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Swamp creatures

by Jim Gladstone

Sam Jackson as Sydney Millsap in Shotgun Players' "Kings." Photo: Ben Krantz
Sam Jackson as Sydney Millsap in Shotgun Players' "Kings." Photo: Ben Krantz  

Long before today's elephants and the donkeys came the dinosaurs. You know: Brontosauruses, Pterodactyls, and Americans who ran for Congress — or worked on Congressional staffs — as an act of public service rather than a calculated long-term career move.

"Kings," Sarah Burgess' engagingly unsavory behind-the-scenes D.C. drama now being staged by Berkeley's Shotgun Players, is a sort of Capitol Hill "Jurassic Park." Its unlikely protagonist, Sidney Millsap (Sam Jackson, warm and self-assured throughout), is a creature seemingly resuscitated from extinction, an idealistic, ethically upstanding freshman Representative. An African-American, Gold Star military widow and single mother, Millsap hasn't turned away from today's state of government affairs in disgust, but decided to take it on by speaking truth to power.

Burgess' script is rich in researched details, and the show's purest pleasures are almost documentary. By writing Millsap as a trained accountant with her sights set on fighting income tax inequality, she's able to weave in a remarkably lucid explanation and defense of the Carried Interest Fairness Act. Jackson, to her credit, imbues potentially didactic dialogue with a sense of deeply felt moral righteousness that makes the economics lesson go down easily, and dramatically.

Similarly, Millsap's heated conversations with lobbyists Lauren (Sarah Mitchell) and Kate (Elissa Beth Stebbins) allow Burgess to entertainingly educate audiences on fascinating if disheartening bits of Beltway nitty-gritty: the legal basis for donors treating politicians to cocktails and hors d'oeuvres rather than dinners, the enormous amount of time members of Congress spend on fundraising while their lobbyist-influenced staffs do much of the actual work of government, the disingenuous legislative strategy of "broadening a bill to death." The sinister strategy behind Kate's lobbying efforts for a national podiatry association is appalling and ingenious.

Burgess also does a terrific job at conveying the banal, repetitive, kowtowing rituals of the grin-and-grip political schmooze circuit. There's a twisted tingle of delight in watching John McDowell (Don Wood), the folksy seasoned Senator whose seat Millsap challenges, suffer through his annual fundraising weekend at Disney World. "They don't allow apex predators at the character breakfast," quips Lauren.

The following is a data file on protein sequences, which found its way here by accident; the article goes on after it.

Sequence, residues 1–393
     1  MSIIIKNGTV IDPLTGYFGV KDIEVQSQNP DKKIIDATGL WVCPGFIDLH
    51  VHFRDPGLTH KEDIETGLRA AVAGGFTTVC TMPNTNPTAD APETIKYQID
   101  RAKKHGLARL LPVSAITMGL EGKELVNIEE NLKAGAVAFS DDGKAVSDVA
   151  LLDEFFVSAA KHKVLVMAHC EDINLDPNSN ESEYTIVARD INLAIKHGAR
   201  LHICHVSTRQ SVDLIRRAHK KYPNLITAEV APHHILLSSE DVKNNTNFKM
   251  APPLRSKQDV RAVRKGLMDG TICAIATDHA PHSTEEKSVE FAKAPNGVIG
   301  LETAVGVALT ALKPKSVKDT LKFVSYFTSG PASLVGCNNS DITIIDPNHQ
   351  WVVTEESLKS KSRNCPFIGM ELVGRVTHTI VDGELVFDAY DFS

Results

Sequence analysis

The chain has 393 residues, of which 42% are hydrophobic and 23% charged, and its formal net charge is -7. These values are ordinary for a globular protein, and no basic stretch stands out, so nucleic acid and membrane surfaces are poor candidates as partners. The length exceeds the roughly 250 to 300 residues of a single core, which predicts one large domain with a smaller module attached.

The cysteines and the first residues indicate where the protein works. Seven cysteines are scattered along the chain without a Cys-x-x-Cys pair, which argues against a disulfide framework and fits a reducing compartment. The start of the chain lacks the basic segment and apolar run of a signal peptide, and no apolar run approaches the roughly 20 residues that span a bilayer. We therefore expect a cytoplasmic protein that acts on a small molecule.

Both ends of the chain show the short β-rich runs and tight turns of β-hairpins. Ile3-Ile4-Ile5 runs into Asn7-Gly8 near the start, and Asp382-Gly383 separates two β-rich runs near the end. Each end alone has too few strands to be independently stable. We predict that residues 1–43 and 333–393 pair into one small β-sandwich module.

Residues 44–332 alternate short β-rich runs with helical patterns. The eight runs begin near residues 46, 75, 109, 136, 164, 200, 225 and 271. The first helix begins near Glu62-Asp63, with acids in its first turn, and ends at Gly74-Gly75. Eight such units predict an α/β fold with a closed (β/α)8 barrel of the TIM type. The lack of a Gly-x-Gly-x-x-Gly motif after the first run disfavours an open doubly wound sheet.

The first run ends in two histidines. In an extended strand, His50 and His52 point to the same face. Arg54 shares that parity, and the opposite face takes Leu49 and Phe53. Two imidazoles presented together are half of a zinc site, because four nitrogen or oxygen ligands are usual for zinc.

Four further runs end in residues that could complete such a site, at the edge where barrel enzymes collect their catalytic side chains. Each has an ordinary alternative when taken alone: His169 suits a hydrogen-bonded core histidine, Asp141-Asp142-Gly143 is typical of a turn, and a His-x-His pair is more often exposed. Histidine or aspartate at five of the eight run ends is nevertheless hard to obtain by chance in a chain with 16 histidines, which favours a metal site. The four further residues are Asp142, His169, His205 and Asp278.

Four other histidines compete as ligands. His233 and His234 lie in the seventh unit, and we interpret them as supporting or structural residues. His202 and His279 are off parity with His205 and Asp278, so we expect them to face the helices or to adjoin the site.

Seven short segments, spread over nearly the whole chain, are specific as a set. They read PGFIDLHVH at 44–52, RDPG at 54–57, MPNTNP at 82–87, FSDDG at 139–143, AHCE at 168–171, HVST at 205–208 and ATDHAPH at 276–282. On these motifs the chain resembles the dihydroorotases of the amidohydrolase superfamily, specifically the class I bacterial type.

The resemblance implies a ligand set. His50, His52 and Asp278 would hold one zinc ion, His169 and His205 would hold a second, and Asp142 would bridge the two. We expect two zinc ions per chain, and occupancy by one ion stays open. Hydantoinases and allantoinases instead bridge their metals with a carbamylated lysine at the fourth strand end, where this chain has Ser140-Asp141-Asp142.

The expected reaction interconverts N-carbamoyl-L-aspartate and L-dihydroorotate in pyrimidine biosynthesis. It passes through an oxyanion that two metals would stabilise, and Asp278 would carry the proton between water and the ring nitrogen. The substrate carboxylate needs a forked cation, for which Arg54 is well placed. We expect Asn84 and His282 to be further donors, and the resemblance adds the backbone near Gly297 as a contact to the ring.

McDowell, thanks to a combination of Burgess' writing, Joanie McBrien's direction and Wood's sterling performance, is the show's most three-dimensional figure, finely grained and steering altogether clear of caricature. An avuncular, untrustworthy villain at first glance, he gradually reveals a complex blend of empathy, pragmatism and sensible self-defensiveness. Mitchell, whose twitchy facial expressions suggest a soul-deep allergy to her own behavior, and Stebbins, who seems wrapped in a gauze of despair, successfully flesh out the slightly underwritten lobbyists.

After a real-world tour of a sausage factory, participants would unlikely have much appetite for a meal. But on stage in "Kings," where the wurst observed is Washington's worst, having all the gristly ingredients pointed out makes one hungry for a narrative resolution. Preferably a hopeful one. As riveting as her play is from scene-to-scene, Burgess, like many Americans these days, can't seem to imagine an ending that isn't stuck in the status quo. The show concludes with Millsap morally uncompromised. And the system entirely unchanged. Dinosaur, meet tar pit.

Kings, through June 16. Shotgun Players, 1901 Ashby Ave., Berkeley. Tickets: ($7-$43): (510) 841-6500, www.shotgunplayers.org

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